With Monday's massive volcano eruption in Alaska likely to leave Anchorage and Gov. Sarah Palin's hometown covered in ash, a Democratic strategist sends over the reminder that just a month and a half ago, another up-and-coming Republican star, Gov. Bobby Jindal, mocked the very notion of volcano monitoring.
Speaking in the non-State of the Union rebuttal, the Louisiana Republican said that instead of spending $140 million "for something called 'volcano monitoring,'" Congress "should be monitoring is the eruption of spending in Washington, D.C."
It was a comment not well received among geological experts and one that now seems to pit Jindal against Palin on a minor but important spending provision.
Then and now, the U.S. Geological Survey, which will receive the stimulus money for volcano monitoring, had been keeping track of several active volcanoes across the Pacific Northwest, Hawaii and, of course, Alaska.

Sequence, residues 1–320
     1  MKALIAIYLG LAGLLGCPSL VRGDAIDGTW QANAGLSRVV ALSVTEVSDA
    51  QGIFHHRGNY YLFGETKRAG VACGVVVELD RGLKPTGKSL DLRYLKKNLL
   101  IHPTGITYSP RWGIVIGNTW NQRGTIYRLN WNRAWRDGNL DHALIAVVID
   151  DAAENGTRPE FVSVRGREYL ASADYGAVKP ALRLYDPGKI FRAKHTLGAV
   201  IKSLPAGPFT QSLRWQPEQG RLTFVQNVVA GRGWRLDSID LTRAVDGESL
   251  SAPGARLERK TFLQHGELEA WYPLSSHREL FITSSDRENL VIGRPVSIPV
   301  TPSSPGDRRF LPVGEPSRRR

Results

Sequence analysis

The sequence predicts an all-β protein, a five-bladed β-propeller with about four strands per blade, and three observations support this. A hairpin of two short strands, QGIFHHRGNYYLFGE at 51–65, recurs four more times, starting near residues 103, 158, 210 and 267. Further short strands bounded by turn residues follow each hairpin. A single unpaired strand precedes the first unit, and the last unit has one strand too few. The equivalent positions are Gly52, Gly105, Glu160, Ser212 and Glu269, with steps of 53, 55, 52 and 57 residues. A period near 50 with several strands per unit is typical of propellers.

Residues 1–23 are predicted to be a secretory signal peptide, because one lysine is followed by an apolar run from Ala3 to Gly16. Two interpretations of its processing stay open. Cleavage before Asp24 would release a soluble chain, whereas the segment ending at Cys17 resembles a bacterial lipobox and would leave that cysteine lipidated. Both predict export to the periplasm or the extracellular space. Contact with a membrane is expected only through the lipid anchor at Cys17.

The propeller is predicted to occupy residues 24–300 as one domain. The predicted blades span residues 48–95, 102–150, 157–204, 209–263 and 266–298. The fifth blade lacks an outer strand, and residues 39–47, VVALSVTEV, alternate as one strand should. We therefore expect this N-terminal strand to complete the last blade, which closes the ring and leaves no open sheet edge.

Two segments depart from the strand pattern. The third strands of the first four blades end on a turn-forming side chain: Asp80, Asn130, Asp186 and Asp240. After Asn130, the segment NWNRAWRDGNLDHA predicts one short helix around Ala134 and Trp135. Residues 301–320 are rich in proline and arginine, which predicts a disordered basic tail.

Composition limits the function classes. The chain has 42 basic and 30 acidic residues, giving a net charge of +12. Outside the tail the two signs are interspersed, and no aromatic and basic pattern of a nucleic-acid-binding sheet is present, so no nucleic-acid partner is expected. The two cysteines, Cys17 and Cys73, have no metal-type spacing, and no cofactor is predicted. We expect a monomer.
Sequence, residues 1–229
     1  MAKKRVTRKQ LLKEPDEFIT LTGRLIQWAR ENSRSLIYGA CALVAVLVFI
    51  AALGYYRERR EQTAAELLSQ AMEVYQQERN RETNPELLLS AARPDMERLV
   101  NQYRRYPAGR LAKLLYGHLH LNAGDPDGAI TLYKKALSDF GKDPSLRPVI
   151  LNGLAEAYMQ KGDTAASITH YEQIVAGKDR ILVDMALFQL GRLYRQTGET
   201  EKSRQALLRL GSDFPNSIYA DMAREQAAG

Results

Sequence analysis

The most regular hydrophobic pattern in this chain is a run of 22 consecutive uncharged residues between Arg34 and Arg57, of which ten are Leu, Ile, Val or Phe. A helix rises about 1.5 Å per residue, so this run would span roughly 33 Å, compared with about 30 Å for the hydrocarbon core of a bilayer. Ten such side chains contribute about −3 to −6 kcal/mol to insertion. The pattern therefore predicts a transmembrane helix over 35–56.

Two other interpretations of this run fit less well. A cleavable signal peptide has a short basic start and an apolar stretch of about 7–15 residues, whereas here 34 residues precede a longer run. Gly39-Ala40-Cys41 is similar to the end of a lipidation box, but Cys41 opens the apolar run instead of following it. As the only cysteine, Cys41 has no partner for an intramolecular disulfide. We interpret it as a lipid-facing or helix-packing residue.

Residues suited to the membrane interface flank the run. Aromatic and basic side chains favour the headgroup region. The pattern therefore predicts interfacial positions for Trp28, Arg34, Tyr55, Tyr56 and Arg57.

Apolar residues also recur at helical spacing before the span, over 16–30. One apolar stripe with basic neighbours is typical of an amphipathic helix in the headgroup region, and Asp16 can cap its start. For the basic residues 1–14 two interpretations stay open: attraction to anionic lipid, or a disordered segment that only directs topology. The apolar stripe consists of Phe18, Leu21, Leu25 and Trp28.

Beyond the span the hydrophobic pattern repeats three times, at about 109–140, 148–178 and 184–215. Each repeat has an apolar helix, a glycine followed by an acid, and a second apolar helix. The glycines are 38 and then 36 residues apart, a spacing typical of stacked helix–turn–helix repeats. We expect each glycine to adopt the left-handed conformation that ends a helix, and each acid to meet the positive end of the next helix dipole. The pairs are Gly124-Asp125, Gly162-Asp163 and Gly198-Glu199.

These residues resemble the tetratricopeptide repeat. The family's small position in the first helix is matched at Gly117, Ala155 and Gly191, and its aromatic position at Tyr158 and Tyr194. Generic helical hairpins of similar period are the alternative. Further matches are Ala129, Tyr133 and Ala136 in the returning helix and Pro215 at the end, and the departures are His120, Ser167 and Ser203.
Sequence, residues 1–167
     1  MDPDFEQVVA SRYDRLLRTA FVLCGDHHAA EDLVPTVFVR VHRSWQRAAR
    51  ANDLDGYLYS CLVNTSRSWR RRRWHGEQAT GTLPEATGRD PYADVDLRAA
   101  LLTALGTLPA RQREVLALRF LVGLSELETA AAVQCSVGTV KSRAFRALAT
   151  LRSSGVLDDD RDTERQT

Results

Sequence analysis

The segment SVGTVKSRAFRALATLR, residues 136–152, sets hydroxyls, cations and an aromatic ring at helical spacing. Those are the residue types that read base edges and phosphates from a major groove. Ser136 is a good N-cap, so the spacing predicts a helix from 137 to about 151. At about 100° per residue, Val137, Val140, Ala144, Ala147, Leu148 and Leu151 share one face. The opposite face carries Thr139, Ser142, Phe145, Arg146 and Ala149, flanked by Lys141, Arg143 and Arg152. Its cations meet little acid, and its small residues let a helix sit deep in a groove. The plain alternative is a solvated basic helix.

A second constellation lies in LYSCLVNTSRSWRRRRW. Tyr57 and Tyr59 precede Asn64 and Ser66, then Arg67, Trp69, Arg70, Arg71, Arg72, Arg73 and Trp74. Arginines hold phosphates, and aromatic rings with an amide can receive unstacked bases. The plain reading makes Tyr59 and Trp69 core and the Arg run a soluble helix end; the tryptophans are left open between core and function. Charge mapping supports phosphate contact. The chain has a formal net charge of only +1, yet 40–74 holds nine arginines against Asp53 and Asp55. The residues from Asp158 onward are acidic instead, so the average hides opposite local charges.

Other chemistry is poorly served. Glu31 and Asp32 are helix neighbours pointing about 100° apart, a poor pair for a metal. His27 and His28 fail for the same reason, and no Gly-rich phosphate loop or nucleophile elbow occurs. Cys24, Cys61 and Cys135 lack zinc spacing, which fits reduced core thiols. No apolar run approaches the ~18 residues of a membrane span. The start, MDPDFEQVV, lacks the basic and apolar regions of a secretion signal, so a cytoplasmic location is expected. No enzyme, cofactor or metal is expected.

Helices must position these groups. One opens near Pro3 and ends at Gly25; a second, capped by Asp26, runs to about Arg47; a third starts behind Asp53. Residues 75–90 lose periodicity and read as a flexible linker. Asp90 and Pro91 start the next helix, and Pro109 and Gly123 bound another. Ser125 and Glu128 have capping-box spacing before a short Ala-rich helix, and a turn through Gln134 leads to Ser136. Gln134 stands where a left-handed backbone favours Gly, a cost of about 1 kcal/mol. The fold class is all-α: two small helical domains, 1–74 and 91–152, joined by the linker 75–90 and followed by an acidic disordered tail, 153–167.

And the agency's efforts seemed to pay off. As early as February 6, indeed, residents of cities near Mt. Redoubt were preparing for a volcano eruption because of information gleaned from early monitoring systems. As reported by USA Today, taxicab drivers were replacing air filters more frequently and local citizens began purchasing dust masks and preparing to be stuck inside their homes for lengthy periods of time.
Many Alaskans took issue with Jindal's comment, the Anchorage Daily News reported. "Of course Alaskans want to know if a volcano is going to blow," a Palin press aide told the paper.
A call to Governor Jindal's office for comment was not returned.